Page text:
The 30-year tradition of the Candlelight Stroll will be kept alive this year, but with a virtual event.
There will be a limited ceremony recorded from the Court House steps, tol be broadcast on Cogeco Dec. 4 at 7 p.m., the time the stroll would begin in a pandemic-free year.
But instead of crowds of people parading to holiday music provided by local choirs through the beautifully decorated streets of the Old Town that evening, residents are being asked to purchase a candle, and share the moment of the candle-lighting safely, outside the front of their home, while singing along to a few Christmas carols.
“We’re trying to make it as live as possible, knowing it’s virtual,” says Eduardo Lafforgue, president and CEO of the NOTL Chamber of Commerce, the organizer of the popular event.
The ceremony, which will include Lafforgue, Lord Mayor Betty Disero, and chamber board chair Paul MacIntyre, along with a local singer offering a few carols, will be pre-recorded by Cogeco, to encourage residents to stay home.
“We really don’t want people congregating there,” says Lafforgue. With a crowd of 15,000 estimated at last year’s event, it would be impossible to enforce physical distancing in the streets.
Candles will be available at $3, beginning Nov. 12 at local businesses. Funds raised will be donated to the Temporary Seasonal Agricultural Worker Health Program at Quest Community Health Centre, which had a challenging season providing primary health care to farmworkers.
“They desperately need money to keep on working,” says Lafforgue. “They do a fantastic job helping our farmworkers.”
Providing virtual care through online platforms at the start of the season, Quest professionals found “a significant increase in mental health support” was required this year.
“Workers left their families and supports during a pandemic, and came to Canada. Upon arrival they were taken to various locations and had to self-isolate for 14 days. We did our best to reach out to workers via social media to let them know they were not alone,” says executive director Nancy Garner.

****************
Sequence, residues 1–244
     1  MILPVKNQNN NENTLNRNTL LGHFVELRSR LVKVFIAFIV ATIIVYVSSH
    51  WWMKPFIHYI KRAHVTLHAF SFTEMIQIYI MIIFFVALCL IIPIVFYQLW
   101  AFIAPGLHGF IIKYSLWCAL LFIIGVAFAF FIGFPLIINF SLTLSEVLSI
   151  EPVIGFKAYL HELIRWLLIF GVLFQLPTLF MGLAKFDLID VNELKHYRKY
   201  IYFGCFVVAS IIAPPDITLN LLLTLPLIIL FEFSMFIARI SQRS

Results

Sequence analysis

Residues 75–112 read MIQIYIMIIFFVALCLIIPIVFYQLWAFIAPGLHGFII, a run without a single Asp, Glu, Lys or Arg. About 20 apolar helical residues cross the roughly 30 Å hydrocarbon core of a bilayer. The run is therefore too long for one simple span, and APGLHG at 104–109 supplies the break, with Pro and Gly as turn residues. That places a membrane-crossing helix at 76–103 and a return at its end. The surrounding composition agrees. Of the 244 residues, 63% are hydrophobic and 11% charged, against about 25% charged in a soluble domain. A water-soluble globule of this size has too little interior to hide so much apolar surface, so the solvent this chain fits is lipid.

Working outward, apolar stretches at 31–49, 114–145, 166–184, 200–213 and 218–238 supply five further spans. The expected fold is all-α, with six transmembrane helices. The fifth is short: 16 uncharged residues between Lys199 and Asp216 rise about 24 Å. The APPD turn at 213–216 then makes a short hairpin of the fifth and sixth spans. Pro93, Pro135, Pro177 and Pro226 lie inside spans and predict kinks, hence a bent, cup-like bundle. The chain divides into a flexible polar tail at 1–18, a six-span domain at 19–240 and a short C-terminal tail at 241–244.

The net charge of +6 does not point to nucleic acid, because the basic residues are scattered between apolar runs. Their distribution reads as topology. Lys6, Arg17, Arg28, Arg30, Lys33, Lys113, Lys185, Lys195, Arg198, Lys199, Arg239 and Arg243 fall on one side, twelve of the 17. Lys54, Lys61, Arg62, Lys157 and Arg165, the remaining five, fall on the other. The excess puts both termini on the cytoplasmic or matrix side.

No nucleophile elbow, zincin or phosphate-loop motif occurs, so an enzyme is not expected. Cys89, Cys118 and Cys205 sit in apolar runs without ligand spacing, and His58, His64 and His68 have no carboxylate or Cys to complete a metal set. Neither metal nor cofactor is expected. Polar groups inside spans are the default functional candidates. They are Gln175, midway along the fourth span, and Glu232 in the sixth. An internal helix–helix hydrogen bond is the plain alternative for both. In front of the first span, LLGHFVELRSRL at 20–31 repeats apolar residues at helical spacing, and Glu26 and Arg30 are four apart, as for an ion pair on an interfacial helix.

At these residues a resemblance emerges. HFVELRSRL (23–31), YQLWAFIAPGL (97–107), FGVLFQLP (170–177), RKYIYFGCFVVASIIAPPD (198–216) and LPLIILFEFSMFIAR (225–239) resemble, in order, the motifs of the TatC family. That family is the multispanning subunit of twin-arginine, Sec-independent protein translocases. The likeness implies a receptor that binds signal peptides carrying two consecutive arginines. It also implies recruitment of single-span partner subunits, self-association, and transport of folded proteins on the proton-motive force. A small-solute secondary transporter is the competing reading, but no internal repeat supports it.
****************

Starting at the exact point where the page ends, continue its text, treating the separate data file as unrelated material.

“We had to find creative ways to connect with workers and to provide them with the care they needed.”
They delivered medical supplies and sample medication to workers on farms in a safe manner, also creating videos in English and Spanish on what to do if they felt ill, and how to disinfect their bunk houses.
“There are a number of workers with literacy challenges, and we had to create educational materials that were highly visual,” says Garner.
“As the only way to connect with workers was via technology, we provided SIM cards and phones for those workers who had no access to a device.’”
In July, Quest was able to provide provide in-person health checks onsite to a number of farmworkers, and provide items such as water bottles and T-shirts, being flexible to allow visits after work, in the evenings and on Sundays.
The funds raised through the sale of candles will be donated to Quest to continue to help offshore workers, and $2,000 will also go toward filling welcome bags provided by local volunteers.
There will still be a food drive for Newark Neighbours, with donations dropped off at the chamber office on Queen Street, downstairs in the Court House, Monday to Saturday from 9 a.m. to 5 p.m. until Dec. 6.
“We’re trying to keep all the traditions of the stroll alive,” says Lafforgue.
He credits Jack Custers of Cogeco for working with him to provide a safe, virtual event.
“This is our way to keep the spirit of the stroll alive, the tradition of the stroll alive, and the spirit of sharing.”
The stroll will be broadcast on yourtv.tv/niagara